Our urges aren’t like endlessly rising lines, they are like endlessly recurring waves – surf them patiently
Whenever some self-destructive urge attacks, we tend to think: “This urge is becoming stronger and stronger. Soon, it will become irresistible. When I will have to give in eventually, what is the use of struggling in vain to resist it?”
Such thinking presumes that our urges are like endlessly rising lines; so, resisting them is a lost cause. Actually, however, our urges are like endlessly recurring waves that keep going through crests and troughs.
Even though an urge may be rising now, it will eventually crest and then decline. The struggle to resist it will worsen while it is rising, but will ease once it flattens and then decreases. To resist that urge, we don’t need infinite strength; we just need adequate patience.
How can we develop such patience? By learning to surf our urges. Sea surfers go up and down with the water waves without getting carried away by them. Similarly, we too can situate ourselves above our urges, observing their crests and troughs.
Equipping us for such inner surfing, Gita wisdom explains that we are souls, who are different from our mind with its many urges. The Bhagavad-gita (14.23) exhorts us to use this knowledge of our spiritual identity to dispassionately observe the arrival and departure of our urges.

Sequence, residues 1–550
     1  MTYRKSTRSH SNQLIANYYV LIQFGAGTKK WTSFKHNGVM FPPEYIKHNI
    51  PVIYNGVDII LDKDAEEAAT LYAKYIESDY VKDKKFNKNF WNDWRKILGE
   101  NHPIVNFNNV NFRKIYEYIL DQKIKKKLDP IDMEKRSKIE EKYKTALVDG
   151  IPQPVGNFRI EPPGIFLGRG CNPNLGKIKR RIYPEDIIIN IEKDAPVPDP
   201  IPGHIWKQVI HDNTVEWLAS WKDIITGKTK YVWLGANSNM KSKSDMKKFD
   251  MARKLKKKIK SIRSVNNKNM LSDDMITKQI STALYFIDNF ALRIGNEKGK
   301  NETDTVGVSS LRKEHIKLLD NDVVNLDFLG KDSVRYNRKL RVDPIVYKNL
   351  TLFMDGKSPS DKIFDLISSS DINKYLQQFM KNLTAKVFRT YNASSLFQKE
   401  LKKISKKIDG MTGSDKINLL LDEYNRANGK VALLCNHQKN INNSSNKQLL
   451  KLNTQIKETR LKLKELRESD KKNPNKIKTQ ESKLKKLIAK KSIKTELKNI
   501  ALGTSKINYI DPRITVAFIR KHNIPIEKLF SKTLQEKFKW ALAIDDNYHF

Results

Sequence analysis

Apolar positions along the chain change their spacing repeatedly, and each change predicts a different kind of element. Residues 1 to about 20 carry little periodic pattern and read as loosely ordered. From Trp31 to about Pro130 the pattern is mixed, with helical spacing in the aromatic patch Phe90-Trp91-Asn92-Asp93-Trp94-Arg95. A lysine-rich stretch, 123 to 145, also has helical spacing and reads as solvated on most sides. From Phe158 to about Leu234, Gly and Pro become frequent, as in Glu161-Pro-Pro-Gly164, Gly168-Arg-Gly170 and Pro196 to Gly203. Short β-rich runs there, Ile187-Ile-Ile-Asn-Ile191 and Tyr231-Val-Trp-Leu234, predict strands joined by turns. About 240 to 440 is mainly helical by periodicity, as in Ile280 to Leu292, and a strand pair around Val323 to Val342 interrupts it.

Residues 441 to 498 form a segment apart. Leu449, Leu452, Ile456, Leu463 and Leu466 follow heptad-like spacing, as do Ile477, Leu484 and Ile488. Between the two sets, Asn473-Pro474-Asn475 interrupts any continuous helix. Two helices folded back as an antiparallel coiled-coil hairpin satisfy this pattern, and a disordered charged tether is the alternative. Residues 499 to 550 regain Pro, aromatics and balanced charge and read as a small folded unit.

We can best situate ourselves spiritually by determinedly practicing bhakti-yoga, which connects us with the highest spiritual reality, Krishna (14.26). No matter how high an urge rises, holding on to Krishna can keep us above it, surfing safely.
When we practice bhakti consistently, even if our urges keep recurring, we will gradually become sufficiently competent to surf them resiliently.
Think it over:
- When resisting our urges, what misconception makes us quit?
- How can we surf our urges? How does bhakti practice make us expert surfers?
- Which urge overwhelms you the most? How can you surf it?
14.23 He … who is unwavering and undisturbed through all these reactions of the material qualities, remaining neutral and transcendental, knowing that the modes alone are active; who is situated in the self … [– such a person is said to have transcended the modes of nature].
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